Name: K’Von Wallace
Wallace is considered an under-the-radar player by many, as his production isn’t eye-popping, and he was never the best player on the Clemson defense. Considered to be too small for the safety position, Clemson found ways to use him at nickel corner and both safety positions.
His versatility will lead to him being a swiss-army knife of sorts at the NFL level. He has the football IQ necessary to play on an island if absolutely necessary, but his projections put him as a slot corner for the best chance of success. For a defensive back of his size, you’d think he would absolutely have to be technical and make no mistakes, but he’s at his best when he’s making snap judgments based on what he sees on the field. Wallace has plus ball skills, and will often play the ball instead of the receiver, which has resulted in 15 passes defended over the past three seasons, including 10 in 2019, his first ‘full’ year as a starter. He also showed a propensity for reaching the quarterback last season, notching two sacks to go with his two interceptions (one returned for a touchdown).
Best trait: Zone Coverage.
As you can probably guess with a smaller defensive back, he’s not the best cover guy in man-to-man, deep situations, as he simply doesn’t have the size to box out bigger receivers or attack at the catch point. I don’t love his ability in run defense, leading me to believe that (at least initially) he will be a pass defense player, used in ‘racecar’ sets with multiple defensive backs on the field. This will give him the best chance to succeed as he can roam and use his Football IQ to make plays on shallow routes.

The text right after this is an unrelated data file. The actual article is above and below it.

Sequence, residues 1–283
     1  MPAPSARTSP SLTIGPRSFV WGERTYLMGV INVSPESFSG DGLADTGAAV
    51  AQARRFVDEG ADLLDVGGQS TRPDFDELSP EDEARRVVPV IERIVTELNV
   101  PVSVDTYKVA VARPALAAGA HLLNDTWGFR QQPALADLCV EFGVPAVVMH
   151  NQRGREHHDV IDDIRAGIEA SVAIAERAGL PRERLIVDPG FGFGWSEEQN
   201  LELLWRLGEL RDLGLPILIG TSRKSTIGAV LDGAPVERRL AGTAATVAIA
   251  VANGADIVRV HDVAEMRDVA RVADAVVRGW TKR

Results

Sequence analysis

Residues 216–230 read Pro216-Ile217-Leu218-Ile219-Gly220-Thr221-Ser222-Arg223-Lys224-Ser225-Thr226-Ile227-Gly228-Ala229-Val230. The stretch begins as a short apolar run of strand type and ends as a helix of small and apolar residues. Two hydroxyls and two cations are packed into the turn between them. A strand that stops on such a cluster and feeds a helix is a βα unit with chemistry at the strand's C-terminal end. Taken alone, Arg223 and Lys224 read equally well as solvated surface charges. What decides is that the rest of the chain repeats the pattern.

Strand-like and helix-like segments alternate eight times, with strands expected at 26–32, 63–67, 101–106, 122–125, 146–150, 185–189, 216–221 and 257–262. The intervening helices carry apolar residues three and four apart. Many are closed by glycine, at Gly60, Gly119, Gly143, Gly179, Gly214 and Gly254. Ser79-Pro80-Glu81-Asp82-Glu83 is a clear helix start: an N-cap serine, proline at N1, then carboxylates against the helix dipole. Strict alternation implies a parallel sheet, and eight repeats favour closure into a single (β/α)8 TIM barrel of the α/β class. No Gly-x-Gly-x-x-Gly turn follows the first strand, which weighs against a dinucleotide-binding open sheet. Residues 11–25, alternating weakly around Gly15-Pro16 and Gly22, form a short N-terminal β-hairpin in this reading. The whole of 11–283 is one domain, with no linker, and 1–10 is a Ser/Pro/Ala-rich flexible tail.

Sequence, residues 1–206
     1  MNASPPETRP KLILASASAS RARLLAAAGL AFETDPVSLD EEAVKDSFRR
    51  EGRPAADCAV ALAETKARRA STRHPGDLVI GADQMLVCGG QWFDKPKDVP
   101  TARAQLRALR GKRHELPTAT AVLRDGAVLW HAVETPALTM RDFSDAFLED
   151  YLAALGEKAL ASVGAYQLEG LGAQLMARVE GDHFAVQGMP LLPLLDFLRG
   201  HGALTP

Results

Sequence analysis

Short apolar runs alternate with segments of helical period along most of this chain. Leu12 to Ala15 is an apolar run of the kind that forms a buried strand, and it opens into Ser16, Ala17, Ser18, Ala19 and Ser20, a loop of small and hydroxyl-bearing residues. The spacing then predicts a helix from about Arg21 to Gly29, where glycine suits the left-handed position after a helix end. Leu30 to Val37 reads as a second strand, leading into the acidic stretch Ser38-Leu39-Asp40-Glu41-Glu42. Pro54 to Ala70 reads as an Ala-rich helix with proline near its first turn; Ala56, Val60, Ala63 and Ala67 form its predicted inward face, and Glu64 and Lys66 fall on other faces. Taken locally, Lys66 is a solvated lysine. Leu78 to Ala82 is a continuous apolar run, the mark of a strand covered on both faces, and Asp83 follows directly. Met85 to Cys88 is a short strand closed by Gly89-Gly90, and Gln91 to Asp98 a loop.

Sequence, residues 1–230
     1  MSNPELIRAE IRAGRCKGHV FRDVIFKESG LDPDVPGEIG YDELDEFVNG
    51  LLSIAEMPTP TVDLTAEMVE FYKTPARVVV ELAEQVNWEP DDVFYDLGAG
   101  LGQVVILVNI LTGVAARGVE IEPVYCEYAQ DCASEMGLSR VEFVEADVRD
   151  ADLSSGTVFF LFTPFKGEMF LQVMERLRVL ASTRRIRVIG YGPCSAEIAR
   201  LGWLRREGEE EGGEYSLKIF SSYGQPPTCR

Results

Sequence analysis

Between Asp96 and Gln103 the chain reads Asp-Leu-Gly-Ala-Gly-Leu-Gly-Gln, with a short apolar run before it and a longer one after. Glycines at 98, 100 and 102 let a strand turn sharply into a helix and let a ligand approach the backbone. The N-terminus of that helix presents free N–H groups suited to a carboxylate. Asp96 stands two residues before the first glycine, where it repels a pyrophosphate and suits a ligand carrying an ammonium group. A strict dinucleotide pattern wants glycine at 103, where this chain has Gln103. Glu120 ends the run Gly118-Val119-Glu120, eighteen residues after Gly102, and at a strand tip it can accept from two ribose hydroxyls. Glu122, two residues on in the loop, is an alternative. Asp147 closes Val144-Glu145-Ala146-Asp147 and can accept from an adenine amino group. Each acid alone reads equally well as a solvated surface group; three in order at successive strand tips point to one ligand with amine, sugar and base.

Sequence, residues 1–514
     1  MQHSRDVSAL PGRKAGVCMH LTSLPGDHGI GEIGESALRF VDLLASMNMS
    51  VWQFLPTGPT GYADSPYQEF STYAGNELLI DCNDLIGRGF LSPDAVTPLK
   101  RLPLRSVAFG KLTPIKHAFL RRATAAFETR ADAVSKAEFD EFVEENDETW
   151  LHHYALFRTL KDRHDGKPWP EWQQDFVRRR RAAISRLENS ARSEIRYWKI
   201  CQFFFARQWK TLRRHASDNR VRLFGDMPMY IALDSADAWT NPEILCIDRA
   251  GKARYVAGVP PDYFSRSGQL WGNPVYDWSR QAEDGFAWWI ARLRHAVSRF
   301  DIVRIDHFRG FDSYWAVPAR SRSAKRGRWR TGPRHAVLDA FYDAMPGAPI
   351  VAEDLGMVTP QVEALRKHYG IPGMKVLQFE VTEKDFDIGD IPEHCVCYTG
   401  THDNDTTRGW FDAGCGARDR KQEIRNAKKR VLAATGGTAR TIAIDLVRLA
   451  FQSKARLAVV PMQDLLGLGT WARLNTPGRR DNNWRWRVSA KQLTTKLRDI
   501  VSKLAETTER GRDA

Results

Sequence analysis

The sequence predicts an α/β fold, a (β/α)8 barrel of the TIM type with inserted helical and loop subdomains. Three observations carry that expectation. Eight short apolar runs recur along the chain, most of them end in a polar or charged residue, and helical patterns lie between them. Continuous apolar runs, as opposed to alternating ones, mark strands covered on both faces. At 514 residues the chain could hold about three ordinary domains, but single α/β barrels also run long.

Worst trait: Physicality.
Listen, I love Tavon Young. But until he can prove that he can stay healthy, it’s absolutely necessary for the Ravens to find a quality backup for him, which would keep Marlon Humphrey from having to move into the slot. Wallace solves that problem while also giving them a quality depth and racecar presence. The Ravens have always put an emphasis on defense, and especially the secondary of late. Wallace provides a perfect fit for what they need in terms of depth.
PJ Williams (NO 2014-Current)
Similarly built, Williams has shown the same propensity for versatility in the NFL, that we’ve seen from Wallace in college. When the Saints have needed Williams in a certain position, he’s played it to the best of his ability without complaint. I’d expect the same type of production from Wallace.
Wallace’s draft stock has stayed steady throughout the draft process thus far, and while he’s being overlooked in many scenarios, he could very well turn out to be a steal in the later rounds, a la Chuck Clark.